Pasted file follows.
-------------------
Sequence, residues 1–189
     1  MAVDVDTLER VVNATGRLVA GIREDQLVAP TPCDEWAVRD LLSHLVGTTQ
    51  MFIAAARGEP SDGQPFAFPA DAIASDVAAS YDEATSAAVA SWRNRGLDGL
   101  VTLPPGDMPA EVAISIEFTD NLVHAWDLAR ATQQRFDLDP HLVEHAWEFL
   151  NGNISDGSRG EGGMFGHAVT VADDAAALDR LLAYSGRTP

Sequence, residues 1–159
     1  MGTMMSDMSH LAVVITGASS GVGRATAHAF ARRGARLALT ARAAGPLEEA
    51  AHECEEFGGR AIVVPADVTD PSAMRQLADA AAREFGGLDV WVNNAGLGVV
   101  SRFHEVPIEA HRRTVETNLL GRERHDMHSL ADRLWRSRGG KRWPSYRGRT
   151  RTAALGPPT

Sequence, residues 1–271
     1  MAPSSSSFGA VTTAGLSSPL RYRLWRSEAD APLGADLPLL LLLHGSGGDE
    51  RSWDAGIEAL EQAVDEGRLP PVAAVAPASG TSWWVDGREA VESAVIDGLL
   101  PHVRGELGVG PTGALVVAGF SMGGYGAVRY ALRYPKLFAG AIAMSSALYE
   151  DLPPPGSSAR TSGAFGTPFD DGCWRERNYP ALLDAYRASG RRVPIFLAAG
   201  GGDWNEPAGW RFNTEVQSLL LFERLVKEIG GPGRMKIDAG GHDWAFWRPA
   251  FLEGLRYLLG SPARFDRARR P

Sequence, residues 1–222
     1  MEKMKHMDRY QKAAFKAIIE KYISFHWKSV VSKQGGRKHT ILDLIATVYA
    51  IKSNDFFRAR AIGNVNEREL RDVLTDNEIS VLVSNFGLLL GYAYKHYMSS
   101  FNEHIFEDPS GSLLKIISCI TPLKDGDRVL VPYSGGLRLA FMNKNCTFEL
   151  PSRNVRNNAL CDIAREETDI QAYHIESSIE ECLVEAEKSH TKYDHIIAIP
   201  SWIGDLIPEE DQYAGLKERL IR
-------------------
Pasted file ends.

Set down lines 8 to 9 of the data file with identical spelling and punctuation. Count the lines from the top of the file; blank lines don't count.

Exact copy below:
    51  AHECEEFGGR AIVVPADVTD PSAMRQLADA AAREFGGLDV WVNNAGLGVV
   101  SRFHEVPIEA HRRTVETNLL GRERHDMHSL ADRLWRSRGG KRWPSYRGRT